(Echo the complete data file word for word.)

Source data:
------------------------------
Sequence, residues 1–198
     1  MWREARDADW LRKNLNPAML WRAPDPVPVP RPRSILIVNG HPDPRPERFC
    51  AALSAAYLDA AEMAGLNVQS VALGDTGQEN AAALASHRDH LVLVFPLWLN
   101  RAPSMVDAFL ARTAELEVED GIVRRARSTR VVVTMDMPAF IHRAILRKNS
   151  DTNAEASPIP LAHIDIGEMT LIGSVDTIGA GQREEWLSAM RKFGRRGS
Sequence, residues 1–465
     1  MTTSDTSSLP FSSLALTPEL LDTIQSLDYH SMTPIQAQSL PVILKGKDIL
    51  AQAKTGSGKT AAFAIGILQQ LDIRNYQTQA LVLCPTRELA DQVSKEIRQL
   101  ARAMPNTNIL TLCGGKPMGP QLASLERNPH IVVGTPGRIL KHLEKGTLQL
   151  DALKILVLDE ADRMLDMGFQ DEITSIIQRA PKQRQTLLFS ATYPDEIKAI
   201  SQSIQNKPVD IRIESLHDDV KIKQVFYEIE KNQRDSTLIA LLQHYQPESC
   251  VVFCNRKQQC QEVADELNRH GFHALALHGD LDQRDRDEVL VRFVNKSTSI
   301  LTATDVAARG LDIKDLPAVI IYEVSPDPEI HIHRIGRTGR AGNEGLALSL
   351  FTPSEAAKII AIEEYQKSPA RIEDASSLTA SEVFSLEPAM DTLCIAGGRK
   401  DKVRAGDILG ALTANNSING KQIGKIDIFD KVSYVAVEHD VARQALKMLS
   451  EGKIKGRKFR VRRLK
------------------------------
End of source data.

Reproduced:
Sequence, residues 1–198
     1  MWREARDADW LRKNLNPAML WRAPDPVPVP RPRSILIVNG HPDPRPERFC
    51  AALSAAYLDA AEMAGLNVQS VALGDTGQEN AAALASHRDH LVLVFPLWLN
   101  RAPSMVDAFL ARTAELEVED GIVRRARSTR VVVTMDMPAF IHRAILRKNS
   151  DTNAEASPIP LAHIDIGEMT LIGSVDTIGA GQREEWLSAM RKFGRRGS
Sequence, residues 1–465
     1  MTTSDTSSLP FSSLALTPEL LDTIQSLDYH SMTPIQAQSL PVILKGKDIL
    51  AQAKTGSGKT AAFAIGILQQ LDIRNYQTQA LVLCPTRELA DQVSKEIRQL
   101  ARAMPNTNIL TLCGGKPMGP QLASLERNPH IVVGTPGRIL KHLEKGTLQL
   151  DALKILVLDE ADRMLDMGFQ DEITSIIQRA PKQRQTLLFS ATYPDEIKAI
   201  SQSIQNKPVD IRIESLHDDV KIKQVFYEIE KNQRDSTLIA LLQHYQPESC
   251  VVFCNRKQQC QEVADELNRH GFHALALHGD LDQRDRDEVL VRFVNKSTSI
   301  LTATDVAARG LDIKDLPAVI IYEVSPDPEI HIHRIGRTGR AGNEGLALSL
   351  FTPSEAAKII AIEEYQKSPA RIEDASSLTA SEVFSLEPAM DTLCIAGGRK
   401  DKVRAGDILG ALTANNSING KQIGKIDIFD KVSYVAVEHD VARQALKMLS
   451  EGKIKGRKFR VRRLK